Castro, whose government said he was hospitalized in Havana because of stress-related gastrointestinal bleeding, appointed his brother, Raul Castro, as temporary president of Cuba, leader of the nation's military and head of the Communist Party. A Cuban government source said late Monday night that while Castro's condition is serious, he is expected to recuperate.
In a statement read by one of his top deputies on national television, Castro said he would step away from power while he recovers. "The operation obligates me to undertake several weeks of rest," the statement said. Castro's intense schedule, the statement said, "provoked in me a sharp intestinal crisis with sustained bleeding that obligated me to undergo a complicated surgical procedure."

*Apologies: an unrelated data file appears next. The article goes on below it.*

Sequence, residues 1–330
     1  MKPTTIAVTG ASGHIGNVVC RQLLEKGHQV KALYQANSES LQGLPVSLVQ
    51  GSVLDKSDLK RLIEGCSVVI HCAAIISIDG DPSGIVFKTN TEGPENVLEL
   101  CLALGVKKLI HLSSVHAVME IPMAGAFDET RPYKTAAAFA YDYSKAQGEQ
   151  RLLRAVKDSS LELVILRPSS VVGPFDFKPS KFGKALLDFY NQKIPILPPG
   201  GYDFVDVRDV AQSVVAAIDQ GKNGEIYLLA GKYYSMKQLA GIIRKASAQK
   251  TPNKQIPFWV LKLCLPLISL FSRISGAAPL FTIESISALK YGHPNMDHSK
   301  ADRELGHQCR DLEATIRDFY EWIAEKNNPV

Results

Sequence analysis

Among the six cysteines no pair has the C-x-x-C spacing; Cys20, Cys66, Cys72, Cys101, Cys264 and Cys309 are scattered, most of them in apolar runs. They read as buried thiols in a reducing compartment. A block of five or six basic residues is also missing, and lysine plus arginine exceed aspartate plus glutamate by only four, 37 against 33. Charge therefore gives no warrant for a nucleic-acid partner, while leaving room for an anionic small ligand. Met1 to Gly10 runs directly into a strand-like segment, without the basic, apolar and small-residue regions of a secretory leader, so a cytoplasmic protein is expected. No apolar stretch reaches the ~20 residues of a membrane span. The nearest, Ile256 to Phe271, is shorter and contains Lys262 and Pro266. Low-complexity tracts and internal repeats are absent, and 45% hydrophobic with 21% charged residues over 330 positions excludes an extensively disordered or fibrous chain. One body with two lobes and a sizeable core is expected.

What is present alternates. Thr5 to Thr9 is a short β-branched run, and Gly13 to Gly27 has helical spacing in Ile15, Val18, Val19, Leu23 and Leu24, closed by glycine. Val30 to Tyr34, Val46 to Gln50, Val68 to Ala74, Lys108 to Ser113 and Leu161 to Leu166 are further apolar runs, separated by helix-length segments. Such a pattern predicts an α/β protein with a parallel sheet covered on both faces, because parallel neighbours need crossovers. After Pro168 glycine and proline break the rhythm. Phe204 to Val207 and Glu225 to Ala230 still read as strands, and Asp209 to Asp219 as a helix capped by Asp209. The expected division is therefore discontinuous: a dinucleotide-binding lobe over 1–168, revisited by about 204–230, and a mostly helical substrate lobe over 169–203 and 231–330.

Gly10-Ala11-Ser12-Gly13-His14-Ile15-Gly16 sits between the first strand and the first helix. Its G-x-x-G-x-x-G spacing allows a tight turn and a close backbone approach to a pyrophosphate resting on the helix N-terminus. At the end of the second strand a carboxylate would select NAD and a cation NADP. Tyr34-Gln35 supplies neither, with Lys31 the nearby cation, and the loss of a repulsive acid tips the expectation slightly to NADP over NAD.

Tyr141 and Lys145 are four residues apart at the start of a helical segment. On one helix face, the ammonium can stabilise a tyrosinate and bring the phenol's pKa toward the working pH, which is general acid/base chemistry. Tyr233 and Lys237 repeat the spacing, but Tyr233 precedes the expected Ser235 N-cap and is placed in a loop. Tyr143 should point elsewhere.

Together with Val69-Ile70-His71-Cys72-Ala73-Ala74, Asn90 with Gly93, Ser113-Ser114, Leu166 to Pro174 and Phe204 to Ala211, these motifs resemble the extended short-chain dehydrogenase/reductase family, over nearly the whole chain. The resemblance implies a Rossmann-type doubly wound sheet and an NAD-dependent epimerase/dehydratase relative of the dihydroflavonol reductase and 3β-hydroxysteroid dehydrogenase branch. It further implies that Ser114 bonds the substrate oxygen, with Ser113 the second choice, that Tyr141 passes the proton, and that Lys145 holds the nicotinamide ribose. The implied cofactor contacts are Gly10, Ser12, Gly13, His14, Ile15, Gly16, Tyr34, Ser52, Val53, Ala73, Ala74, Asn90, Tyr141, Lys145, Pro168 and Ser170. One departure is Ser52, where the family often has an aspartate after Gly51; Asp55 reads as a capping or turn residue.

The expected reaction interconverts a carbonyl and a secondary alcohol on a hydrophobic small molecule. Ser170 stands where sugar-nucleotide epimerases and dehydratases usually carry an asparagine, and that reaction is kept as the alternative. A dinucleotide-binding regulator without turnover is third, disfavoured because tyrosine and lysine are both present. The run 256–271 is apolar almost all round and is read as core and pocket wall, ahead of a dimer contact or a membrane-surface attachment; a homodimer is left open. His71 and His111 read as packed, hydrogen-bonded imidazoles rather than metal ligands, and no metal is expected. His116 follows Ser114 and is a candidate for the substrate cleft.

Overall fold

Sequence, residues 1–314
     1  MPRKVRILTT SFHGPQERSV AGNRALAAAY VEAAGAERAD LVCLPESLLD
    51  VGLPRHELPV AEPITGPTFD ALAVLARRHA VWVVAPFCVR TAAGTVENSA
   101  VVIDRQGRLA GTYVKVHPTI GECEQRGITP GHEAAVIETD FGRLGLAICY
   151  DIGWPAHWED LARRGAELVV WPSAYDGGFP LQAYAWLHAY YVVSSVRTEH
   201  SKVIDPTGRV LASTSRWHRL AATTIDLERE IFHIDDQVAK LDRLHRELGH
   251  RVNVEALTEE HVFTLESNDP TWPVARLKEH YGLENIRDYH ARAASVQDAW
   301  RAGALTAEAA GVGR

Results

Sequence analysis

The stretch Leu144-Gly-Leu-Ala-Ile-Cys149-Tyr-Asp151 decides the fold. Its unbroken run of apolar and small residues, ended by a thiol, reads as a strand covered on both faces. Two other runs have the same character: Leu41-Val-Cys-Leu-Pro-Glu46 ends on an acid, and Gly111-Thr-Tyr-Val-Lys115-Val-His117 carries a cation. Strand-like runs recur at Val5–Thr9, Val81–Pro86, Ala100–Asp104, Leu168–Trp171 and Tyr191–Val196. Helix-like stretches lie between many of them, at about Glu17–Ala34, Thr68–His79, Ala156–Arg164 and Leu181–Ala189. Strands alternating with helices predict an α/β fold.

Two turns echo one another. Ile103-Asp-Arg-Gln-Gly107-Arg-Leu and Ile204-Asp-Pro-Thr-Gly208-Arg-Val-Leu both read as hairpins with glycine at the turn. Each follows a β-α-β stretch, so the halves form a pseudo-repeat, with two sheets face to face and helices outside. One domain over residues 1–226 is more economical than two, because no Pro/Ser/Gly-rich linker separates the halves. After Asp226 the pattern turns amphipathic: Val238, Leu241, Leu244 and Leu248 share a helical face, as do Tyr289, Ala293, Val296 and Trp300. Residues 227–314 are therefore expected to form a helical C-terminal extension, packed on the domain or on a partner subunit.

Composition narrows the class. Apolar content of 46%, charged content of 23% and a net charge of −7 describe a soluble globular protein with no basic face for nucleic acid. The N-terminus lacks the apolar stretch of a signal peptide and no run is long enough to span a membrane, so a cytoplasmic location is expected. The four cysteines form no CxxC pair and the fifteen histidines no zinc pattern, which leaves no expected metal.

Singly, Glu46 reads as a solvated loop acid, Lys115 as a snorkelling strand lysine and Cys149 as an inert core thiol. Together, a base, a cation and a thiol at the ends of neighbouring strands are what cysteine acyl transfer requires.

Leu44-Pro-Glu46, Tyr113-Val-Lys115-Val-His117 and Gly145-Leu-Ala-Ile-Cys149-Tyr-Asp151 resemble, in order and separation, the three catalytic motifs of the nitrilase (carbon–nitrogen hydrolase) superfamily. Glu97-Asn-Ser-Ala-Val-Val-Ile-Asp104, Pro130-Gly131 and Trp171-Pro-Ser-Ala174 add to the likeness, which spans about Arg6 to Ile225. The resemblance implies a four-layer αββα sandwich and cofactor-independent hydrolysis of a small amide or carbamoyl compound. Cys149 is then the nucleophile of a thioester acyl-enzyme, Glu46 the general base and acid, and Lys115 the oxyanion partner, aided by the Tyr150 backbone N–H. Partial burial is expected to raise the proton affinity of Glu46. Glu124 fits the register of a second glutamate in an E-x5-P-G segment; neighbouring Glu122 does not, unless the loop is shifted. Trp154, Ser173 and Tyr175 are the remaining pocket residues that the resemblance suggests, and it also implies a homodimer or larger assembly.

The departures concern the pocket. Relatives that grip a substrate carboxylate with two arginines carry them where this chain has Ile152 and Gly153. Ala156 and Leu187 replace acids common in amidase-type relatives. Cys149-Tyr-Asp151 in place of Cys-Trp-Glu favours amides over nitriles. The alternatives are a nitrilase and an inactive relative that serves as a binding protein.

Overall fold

Castro, whose 80th birthday is Aug. 13, is known for working at a breakneck pace and sleeping only a few hours each night. In mid-July, he traveled to Argentina for a gathering of South American leaders to formalize Cuba's involvement in the Mercosur trade agreement.
He has asked that planned celebrations of his birthday be postponed until Dec. 2, the 50th anniversary of Cuba's Revolutionary Armed Forces. Castro and the rebels he led landed on the southern coast on that date in 1956, eventually taking power in 1959 after dictator Fulgencio Batista fled into exile.
The mood in Cuba was reported to be subdued. "We're really sad, and pretty shocked," Ines Cesar, a retired 58-year-old metal worker told the Associated Press in Havana. "But everyone's relaxed, too. I think he'll be fine."
Source: The Washington PostLast Mod: 00 0000, 00:00